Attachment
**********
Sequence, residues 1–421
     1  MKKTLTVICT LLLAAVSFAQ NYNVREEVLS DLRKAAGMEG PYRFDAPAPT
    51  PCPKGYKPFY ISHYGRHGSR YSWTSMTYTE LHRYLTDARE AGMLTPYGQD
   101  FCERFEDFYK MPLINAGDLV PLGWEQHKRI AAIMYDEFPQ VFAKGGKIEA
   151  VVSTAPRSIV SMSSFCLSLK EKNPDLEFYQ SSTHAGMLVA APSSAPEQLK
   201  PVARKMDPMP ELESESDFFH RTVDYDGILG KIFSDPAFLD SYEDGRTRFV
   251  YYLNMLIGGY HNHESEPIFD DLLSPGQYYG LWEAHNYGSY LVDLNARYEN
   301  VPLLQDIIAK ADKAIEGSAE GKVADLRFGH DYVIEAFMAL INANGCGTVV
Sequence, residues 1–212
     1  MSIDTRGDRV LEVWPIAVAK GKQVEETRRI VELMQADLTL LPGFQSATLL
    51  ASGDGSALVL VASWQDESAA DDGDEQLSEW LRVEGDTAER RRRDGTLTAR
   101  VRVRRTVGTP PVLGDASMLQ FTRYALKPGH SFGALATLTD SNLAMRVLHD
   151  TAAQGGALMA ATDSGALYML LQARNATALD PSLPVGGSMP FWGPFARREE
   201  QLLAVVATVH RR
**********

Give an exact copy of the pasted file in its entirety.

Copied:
Sequence, residues 1–421
     1  MKKTLTVICT LLLAAVSFAQ NYNVREEVLS DLRKAAGMEG PYRFDAPAPT
    51  PCPKGYKPFY ISHYGRHGSR YSWTSMTYTE LHRYLTDARE AGMLTPYGQD
   101  FCERFEDFYK MPLINAGDLV PLGWEQHKRI AAIMYDEFPQ VFAKGGKIEA
   151  VVSTAPRSIV SMSSFCLSLK EKNPDLEFYQ SSTHAGMLVA APSSAPEQLK
   201  PVARKMDPMP ELESESDFFH RTVDYDGILG KIFSDPAFLD SYEDGRTRFV
   251  YYLNMLIGGY HNHESEPIFD DLLSPGQYYG LWEAHNYGSY LVDLNARYEN
   301  VPLLQDIIAK ADKAIEGSAE GKVADLRFGH DYVIEAFMAL INANGCGTVV
Sequence, residues 1–212
     1  MSIDTRGDRV LEVWPIAVAK GKQVEETRRI VELMQADLTL LPGFQSATLL
    51  ASGDGSALVL VASWQDESAA DDGDEQLSEW LRVEGDTAER RRRDGTLTAR
   101  VRVRRTVGTP PVLGDASMLQ FTRYALKPGH SFGALATLTD SNLAMRVLHD
   151  TAAQGGALMA ATDSGALYML LQARNATALD PSLPVGGSMP FWGPFARREE
   201  QLLAVVATVH RR